Legion of the Dead DVD Review
Written by Steve Pattee
DVD released by The Asylum
Written and directed by Paul Bales
2005, Region 1 (NTSC), 85 minutes, Rated R
Courtney Clonch as Molly
Claudia Lynx as Aneh-Tet
Rhett Giles as Dr. Ben-David
Zach Galligan as Professor Swatek
Bruce Boxleitner as Sheriff Jones
Emily Falkenstein as Kevyn
When two stoners dirt biking across the California desert discover a hidden Egyptian tomb, they do what every full-blooded American stoner does. They investigate. And, like every full-blooded American horror movie, they die a horrible death.
Shortly after, a team of archeologists is brought in to verify that it is, indeed, an Egyptian tomb. All the signs seem to point to "yes," as there are numerous mummies and the standard hieroglyphics on the walls. But the fact that the tomb is located in California seems to be a little odd. However, a little carbon-dating and a half-assed excuse clears everything up; it is indeed the final resting place of Aneh-Tet — hottie Egyptian priestess.
As things generally go, there is no final resting place for mummies, especially in the movies. And, as things also generally go, mummies never arise from their slumber to find a cure for cancer and bring about world peace. No, sir. They always have a plan, and the power, to take over the earth.
So you know when Aneh-Tet wakes up, the party is about to start.
First and foremost, a statement to low-budget movie makers:
Stop with the CGI. If you don't have the resources to make it look good, don't do it. Period.
One of the most frustrating things about Dead, even overlooking the fact there is an Egyptian tomb in California, is whenever Aneh-Tet (Claudia Lynx) killed one of her victims, these miniature lightening bolts would come from her fingertips. They looked so bad, it was almost comical. And the worst part is the actual dead bodies were decent looking. At least one death was done by CGI, and it looked okay, so I knew they were capable of making kills passable with CGI. It was just those damn lightning bolts that hurt the others.
Another slight disappointment in the film was Asylum favorite Rhett Giles' (War of the Worlds, Jolly Roger: Massacre at Cutter's Cover) performance as Dr. Ben-David, a German. I don't know where Giles hails from, but his German accent is horrible.That’s disappointing, because I know Giles is a better actor than this.
Yet, Dead does have some positives.
The first is newcomer Courtney Clonch, as Molly. Clonch is a natural to the camera and is more than believable as the archeologist uncovering the secrets of the tomb. I was surprised to see Dead as the first full-length film on her IMDB résumé — she was that good.
Emily Falkenstein, as Molly's kid sister, Kevyn, also is a natural to the camera. Even though their characters have completely different personalities, Clonch and Falkenstein are quite believable as siblings. Like Clonch, this is also Falkenstein's first full-length film. Kudos to the casting directors for finding these two diamonds not-so in the rough.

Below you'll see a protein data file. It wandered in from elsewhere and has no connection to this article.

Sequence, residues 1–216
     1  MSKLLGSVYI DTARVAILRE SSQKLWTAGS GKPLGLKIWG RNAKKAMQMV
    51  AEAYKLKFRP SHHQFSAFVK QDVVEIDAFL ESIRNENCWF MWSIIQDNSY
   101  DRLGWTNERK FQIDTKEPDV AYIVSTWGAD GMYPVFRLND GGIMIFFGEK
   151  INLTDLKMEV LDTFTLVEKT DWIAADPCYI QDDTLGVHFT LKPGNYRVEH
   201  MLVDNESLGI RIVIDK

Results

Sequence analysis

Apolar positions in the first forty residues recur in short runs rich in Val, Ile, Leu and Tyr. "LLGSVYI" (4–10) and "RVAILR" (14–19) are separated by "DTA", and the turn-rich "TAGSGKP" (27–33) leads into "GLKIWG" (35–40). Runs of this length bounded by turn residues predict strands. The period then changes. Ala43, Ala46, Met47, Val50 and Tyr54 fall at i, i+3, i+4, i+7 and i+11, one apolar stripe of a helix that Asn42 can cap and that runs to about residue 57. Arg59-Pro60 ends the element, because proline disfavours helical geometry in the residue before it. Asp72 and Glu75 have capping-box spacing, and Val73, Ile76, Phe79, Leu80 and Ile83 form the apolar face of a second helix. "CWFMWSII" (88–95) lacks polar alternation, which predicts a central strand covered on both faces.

Another gem is Claudia Lynx as Aneh-Tet. Apparently, Egyptian priestesses didn't have much time for clothes because, from the moment Aneh-Tet awakens, she spends most of her time topless. Hey, if I'm going to get eviscerated, it would be nice if an attractive, topless Egyptian princess did the eviscerating. According to the commentary, Lynx is the "Angelina Jolie" of Iran, and that's easy to believe.
Bruce Boxleitner (Tron, TV's "Babylon 5") has a small role in the film, as Sheriff Jones , but he and Giles share one of the more memorable scenes in the movie.
Even with its flaws, Dead does have moments in which it shines, making it more than enjoyable on occasion. However, the bad CGI and plot holes keep it from becoming anything more than your slightly below average low-budget film.
Video and Audio:
Dead's anamorphic presentation is, for the most part, clean. There are, however, instances of macroblocking — particularly during night scenes.
The DVD's 5.1 surround sound mix is solid, right up to the end. A lot of use is made from the sides and rears — at one point, during a storm scene, I almost checked to see if it was raining outside. However, at the end, it appears that in at least one outside scene, the actors' voices were dubbed and there was one occasion where the mix in the rear cut out hard. But, otherwise, it's a great mix for a low-budget movie.
Unfortunately, the special features are lacking, and what it does have is the standard fare.
A commentary by director Paul Bales, editor Bill Shaffer, stars Clonch and Giles, like most Asylum commentaries, is well worth a listen. Bales keeps the discussion on topic and asks all the right questions to keep it informative, as well. It's lighthearted and never gets too technical. Admittedly, I do not listen to commentaries unless I'm reviewing the movie, but it's tracks like this that make it worth my time.
There is a behind-the-scenes featurette, which doesn't offer much as far as "behind the scenes," but is worth at least one glance for the camaraderie on the set.
Also included are trailers for Frankenstein Reborn, H. G. Wells' War of the Worlds, Hide and Creep, Jolly Roger: Massacre at Cutter's Cover and Legion of the Dead.
This isn't one of the better releases from The Asylum by a long shot, but it does have its moments and is worth a Wednesday night rental.
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